M.A. Kropp is a writer for That Mutt. She is an animal lover and enjoys working with her pitull mix named Lambeau. Welcome her by leaving a comment.
We adopted our American pitbull mix puppy, Lambeau, in December 2013. He was eight weeks old. We enrolled him in a puppy class at our local dog training facility. He did fine, given that he was a puppy. He graduated and got his certificate.
We wanted to continue his training, so we enrolled him in the next level class.
It was a disaster!
He whined and barked and pulled on his leash the entire first class.
It was impossible to keep his attention on me for more than a split second. All he wanted to do was play with the other dogs.
The final straw was when we started working on coming when called. I took him to the end of the training room where one of the instructors put him on a long line. I let him sniff the handful of treats I had, and then went to the other end of the room and called him. He started fine, flying toward me down the room.
And then about halfway down, one of the waiting dogs shifted on her blanket at the side.
Bam! Lambeau changed course and pounced on her.
I’m sure he thought she wanted to play. She was startled and nipped him on the lip. Everyone converged on the two of them, I got his leash on him, and dragged him away, apologizing profusely to the owners of the poor dog he’d pounced on.
The lead trainer came over after making sure the other dog was okay and asked if he’d been hurt. He hadn’t. Then she looked down at us, me with my arms around my whining, struggling puppy, and him only wanting to run back and play with the other dogs.
“You know, perhaps you might think about a few private lessons with him for a bit. And come back to a class after.”
Which, of course, was her polite way of saying he was far too unruly for a class situation and he was too distracting for the other dogs and owners.
I was mortified. I nodded and we left. I was embarrassed and upset. What did all the other owners in that class think?
“What an awful dog! And that woman can’t handle him.”
And the trainers? I was sure they were all shaking their heads and thinking: “She shouldn’t have that dog. So irresponsible. If she can’t control him as a puppy, how is she going to do it when he’s grown? Maybe she should get a Chihuahua or something.”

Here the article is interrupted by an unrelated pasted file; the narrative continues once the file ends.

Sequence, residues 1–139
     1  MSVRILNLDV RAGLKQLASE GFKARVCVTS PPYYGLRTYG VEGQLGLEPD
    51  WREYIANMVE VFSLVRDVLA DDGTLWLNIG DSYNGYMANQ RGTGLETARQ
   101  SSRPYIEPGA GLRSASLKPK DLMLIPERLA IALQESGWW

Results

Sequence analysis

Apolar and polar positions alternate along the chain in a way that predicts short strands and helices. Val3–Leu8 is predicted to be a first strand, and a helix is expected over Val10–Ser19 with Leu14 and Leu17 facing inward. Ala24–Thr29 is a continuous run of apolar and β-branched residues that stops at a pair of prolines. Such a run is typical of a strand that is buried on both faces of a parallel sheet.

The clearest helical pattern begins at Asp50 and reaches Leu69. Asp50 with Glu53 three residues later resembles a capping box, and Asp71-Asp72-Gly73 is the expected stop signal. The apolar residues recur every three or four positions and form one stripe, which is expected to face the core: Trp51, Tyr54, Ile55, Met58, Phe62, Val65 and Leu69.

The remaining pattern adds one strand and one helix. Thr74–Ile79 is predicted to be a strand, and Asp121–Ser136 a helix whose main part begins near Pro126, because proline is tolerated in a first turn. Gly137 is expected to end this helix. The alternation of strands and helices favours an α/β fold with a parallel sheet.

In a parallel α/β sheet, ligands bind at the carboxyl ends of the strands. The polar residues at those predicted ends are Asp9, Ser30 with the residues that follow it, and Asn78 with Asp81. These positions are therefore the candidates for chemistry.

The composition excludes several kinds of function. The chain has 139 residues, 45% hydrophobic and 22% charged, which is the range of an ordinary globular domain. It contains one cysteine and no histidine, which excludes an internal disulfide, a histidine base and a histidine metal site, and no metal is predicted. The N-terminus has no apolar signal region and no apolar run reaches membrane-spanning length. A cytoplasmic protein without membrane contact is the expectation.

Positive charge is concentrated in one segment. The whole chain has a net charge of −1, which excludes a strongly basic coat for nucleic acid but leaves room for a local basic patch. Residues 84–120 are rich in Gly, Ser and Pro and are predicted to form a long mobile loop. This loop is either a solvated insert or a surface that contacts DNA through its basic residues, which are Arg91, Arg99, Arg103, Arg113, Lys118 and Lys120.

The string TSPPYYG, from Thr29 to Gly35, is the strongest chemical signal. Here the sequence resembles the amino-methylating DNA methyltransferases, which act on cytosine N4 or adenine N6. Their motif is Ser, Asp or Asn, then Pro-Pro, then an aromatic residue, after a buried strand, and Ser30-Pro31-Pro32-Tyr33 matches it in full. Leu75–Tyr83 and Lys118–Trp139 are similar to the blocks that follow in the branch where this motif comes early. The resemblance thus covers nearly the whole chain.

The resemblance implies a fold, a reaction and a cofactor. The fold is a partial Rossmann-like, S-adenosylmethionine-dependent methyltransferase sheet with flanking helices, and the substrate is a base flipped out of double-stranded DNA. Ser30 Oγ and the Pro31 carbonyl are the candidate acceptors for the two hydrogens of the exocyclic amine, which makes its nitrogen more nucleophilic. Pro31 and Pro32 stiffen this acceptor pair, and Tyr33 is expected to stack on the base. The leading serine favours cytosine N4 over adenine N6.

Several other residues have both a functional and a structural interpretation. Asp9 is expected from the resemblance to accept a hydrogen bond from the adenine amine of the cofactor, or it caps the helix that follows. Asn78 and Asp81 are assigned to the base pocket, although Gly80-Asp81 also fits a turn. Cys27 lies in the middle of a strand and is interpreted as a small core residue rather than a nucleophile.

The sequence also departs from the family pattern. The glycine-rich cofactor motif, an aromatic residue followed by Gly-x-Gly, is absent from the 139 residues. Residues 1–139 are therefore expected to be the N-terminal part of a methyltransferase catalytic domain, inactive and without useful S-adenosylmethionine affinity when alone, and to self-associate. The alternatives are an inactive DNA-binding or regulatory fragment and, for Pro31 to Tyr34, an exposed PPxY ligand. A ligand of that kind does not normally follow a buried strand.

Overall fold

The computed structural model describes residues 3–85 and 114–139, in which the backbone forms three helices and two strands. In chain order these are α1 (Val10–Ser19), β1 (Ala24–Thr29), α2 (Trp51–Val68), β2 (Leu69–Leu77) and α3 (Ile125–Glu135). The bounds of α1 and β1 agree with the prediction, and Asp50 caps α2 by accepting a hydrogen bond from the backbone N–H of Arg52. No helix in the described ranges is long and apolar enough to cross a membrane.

I knew we couldn’t go back to the class, but private training? Isn’t that for really bad dogs? The ones that are aggressive and dangerous? Not for a cute, super-friendly pup like mine.
Still, something had to be done. I didn’t want to end up with an unruly dog that no one wanted to come near. So, I took a deep breath and arranged for a session of private lessons.
You know what?
It was one of the best things I’ve done with Lambeau.
Our instructor was really nice, and she told us that some dogs just can’t be in a group situation right away. They need to be taught some self-control and how to focus better first.
We worked on simple exercises to get him to pay attention to me, leash control and ignoring distractions. Slowly, we started bringing him closer to the other classes and dogs in the main areas of the training building. He got better. Not perfect, but better.
I think I learned as much or more than he did.
- to pay better attention to him before he got too excited.
- his trigger distance – the amount of space to leave between him and another dog so that he can still focus on me.
- better ways of distracting him and keeping him calmer.
He’s not perfect, but we were able to take that second level obedience course and get his graduation certificate.
I’m not a trainer. I’m just a dog owner who wants her dog to be well-behaved enough that people don’t mind him being around. Just like a lot of other dog owners.
I’ve talked to other owners who feel like I did – embarrassed and a little upset by their dog’s behavior, but still hesitant about private lessons that are often considered the last resort for an almost hopeless dog.
But in many cases, a few private sessions without the extra distraction of other dogs is exactly what is needed. I had to put aside my feelings and do what was best for my dog.
And every time I hear someone say: “Your dog is so good!” I know it was a good decision.
Have you ever felt embarrassed or upset by your dog’s behavior?
Let us know in the comments!
This can be very helpful for others who are struggling with their dogs. It helps to hear from others.